Regardless whether one is a skeptic or an adherent when it comes to the belief that human activity is currently contributing to potentially catastrophic global climate change, it seems reasonableâ€”given the breadth of available dataâ€”to take the risk seriously and take action accordingly. Ultimately, there is more to be gained than lost by lessening the overall impact humans have on the planet. One of the more vocal adherents of the dangers of climate change is the American environmentalist and writer, Bill McKibben. As reported by the Boston Globe, McKibben recently gave a presentation at Dartmouth College to offer his thoughts on the topic and to promote a new campaign, called Step It Up, that is encouraging citizens and communities to take action to save the climate:
HANOVER, N.H. — The Dartmouth College crowd filled one auditorium on a cold afternoon this month, and spilled into a second with a big screen. The draw was Bill McKibben, one of the country’s leading environmental writers and activists, who was talking about the perils of global warming.
But after the audience applauded his call to build a climate-change movement, one supporter challenged him.
“We’re preaching to the converted here,” said Kevin Peterson , 46, a program officer at the New Hampshire Charitable Foundation. “How do you get to the other 95 percent of the folks who drive SUVs and couldn’t care less?”
The question framed one of the most difficult issues for McKibben and other environmentalists now rallying to significantly reduce greenhouse gas emissions that are gradually warming the earth. Global warming remains an orphan cause, not yet attracting the swell of protesters who have gathered to protest wars in the past.
“Only if the choir sings five times louder is there any chance we’ll get” federal legislation to help stop global warming, McKibben told the Dartmouth audience. “It’s important now to get everyone in the choir to sing at the top of their lungs.”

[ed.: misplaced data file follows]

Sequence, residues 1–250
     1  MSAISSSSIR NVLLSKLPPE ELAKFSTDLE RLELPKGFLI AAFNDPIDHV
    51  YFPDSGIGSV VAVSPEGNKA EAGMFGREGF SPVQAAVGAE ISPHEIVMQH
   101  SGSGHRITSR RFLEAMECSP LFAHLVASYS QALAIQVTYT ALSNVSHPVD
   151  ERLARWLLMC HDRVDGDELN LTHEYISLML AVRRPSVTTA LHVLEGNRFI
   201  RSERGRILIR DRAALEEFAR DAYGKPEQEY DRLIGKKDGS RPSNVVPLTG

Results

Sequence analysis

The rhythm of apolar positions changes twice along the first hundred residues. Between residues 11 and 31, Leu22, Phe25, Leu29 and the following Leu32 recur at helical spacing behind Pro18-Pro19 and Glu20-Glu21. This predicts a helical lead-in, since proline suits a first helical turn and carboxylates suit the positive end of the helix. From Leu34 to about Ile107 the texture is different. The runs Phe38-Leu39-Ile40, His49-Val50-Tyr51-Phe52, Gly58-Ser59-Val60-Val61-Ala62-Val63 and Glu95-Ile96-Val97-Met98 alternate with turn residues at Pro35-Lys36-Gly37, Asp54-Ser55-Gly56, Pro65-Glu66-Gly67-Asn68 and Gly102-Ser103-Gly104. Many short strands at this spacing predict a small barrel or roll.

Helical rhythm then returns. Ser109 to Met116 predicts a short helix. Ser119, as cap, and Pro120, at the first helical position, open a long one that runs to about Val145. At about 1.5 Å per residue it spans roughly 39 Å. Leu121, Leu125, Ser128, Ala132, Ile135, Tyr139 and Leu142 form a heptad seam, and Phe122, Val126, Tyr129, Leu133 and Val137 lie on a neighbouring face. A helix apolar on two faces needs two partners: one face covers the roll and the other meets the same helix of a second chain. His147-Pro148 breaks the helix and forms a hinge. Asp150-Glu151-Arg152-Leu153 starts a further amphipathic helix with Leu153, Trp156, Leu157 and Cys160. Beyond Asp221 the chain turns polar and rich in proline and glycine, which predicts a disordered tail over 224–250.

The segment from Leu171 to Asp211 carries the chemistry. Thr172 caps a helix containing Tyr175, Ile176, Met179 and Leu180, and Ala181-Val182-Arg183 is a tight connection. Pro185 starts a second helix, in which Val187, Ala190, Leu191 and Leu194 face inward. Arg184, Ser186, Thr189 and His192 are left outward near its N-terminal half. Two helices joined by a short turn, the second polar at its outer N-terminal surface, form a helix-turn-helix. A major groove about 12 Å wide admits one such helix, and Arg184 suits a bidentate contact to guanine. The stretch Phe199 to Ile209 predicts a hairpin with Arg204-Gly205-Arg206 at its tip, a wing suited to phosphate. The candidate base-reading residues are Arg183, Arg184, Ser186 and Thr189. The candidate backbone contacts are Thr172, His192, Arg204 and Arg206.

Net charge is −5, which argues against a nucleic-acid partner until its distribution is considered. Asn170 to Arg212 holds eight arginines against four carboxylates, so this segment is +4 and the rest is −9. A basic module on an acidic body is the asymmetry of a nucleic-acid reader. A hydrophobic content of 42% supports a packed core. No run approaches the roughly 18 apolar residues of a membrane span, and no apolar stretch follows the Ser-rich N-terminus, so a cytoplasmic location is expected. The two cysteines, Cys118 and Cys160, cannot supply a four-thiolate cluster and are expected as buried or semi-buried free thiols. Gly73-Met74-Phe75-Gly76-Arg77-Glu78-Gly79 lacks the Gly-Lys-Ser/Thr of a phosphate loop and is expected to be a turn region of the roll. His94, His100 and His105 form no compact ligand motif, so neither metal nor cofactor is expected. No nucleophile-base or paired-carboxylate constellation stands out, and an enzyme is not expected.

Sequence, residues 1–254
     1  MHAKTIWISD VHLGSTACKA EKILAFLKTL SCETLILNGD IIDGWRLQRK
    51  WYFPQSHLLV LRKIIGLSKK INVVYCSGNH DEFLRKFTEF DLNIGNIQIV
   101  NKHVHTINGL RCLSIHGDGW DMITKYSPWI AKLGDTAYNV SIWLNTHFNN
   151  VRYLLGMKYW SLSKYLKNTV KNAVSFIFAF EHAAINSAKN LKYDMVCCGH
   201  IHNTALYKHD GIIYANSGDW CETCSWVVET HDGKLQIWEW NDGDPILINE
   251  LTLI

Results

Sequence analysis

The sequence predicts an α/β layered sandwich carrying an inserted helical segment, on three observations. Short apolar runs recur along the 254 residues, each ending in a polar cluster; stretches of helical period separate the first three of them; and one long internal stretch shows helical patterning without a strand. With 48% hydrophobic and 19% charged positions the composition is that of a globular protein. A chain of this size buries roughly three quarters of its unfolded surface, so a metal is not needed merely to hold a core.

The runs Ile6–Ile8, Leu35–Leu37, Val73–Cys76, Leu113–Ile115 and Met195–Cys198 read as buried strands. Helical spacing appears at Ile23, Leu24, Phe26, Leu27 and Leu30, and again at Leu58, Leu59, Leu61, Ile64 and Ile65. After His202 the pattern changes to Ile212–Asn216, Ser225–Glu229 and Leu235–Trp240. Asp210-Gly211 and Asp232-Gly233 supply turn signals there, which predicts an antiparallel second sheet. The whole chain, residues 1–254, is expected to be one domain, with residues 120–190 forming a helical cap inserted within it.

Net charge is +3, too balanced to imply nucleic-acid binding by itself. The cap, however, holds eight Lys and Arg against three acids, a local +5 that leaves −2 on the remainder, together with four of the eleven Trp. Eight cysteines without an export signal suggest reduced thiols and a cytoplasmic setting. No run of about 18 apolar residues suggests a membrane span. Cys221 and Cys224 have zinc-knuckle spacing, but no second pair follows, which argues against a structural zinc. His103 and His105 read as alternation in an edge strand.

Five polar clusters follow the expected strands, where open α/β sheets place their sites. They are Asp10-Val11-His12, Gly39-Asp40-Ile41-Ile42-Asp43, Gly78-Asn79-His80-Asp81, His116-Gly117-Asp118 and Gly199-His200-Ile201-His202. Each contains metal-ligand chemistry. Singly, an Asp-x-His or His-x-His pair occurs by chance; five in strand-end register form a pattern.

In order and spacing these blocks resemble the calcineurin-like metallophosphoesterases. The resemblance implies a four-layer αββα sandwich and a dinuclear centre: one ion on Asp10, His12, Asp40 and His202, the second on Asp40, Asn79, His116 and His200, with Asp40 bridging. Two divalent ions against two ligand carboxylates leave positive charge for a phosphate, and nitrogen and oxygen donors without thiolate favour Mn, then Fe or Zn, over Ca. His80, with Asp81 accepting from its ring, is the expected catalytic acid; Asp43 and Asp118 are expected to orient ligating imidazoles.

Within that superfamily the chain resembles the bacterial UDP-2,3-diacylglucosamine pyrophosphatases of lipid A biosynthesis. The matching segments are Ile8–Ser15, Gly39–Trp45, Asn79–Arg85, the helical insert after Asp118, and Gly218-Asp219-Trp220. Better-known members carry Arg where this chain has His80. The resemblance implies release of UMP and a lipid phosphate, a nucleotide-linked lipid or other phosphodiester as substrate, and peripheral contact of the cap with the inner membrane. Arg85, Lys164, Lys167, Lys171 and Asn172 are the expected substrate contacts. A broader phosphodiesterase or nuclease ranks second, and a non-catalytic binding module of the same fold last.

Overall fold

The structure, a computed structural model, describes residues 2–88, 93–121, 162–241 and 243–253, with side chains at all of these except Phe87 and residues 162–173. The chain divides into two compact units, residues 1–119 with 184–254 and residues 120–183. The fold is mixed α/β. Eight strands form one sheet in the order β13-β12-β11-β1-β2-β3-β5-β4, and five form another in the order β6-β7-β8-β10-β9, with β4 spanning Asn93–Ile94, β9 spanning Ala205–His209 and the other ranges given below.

His timing may be right: Congress is considering more than a dozen global warming bills, Al Gore’s “An Inconvenient Truth” just won an Oscar, two global oil companies are investing in wind energy, and several corporations are backing legislation to reduce carbon dioxide emissions.
A youthful-looking 46, McKibben was among the first to sound the alarm about global warming in 1989 with “The End of Nature.” But after that book and nine others, he no longer seems content with just issuing warnings. He wants to lead people into action.
McKibben, along with five Middlebury College graduates and a current Middlebury student, are organizing a one-day extravaganza on April 14, Earth Day, called Step It Up. Their goal is to stage more than 1,000 global warming-related events in the 50 states; by late last week, the Internet-powered movement had counted 937 events around the country. [full text]
For more information on Step It Up or to locate or organize an event in your area, please visit stepitup2007.org.
To view a short video clip featuring Bill McKibben, click play below or follow this link.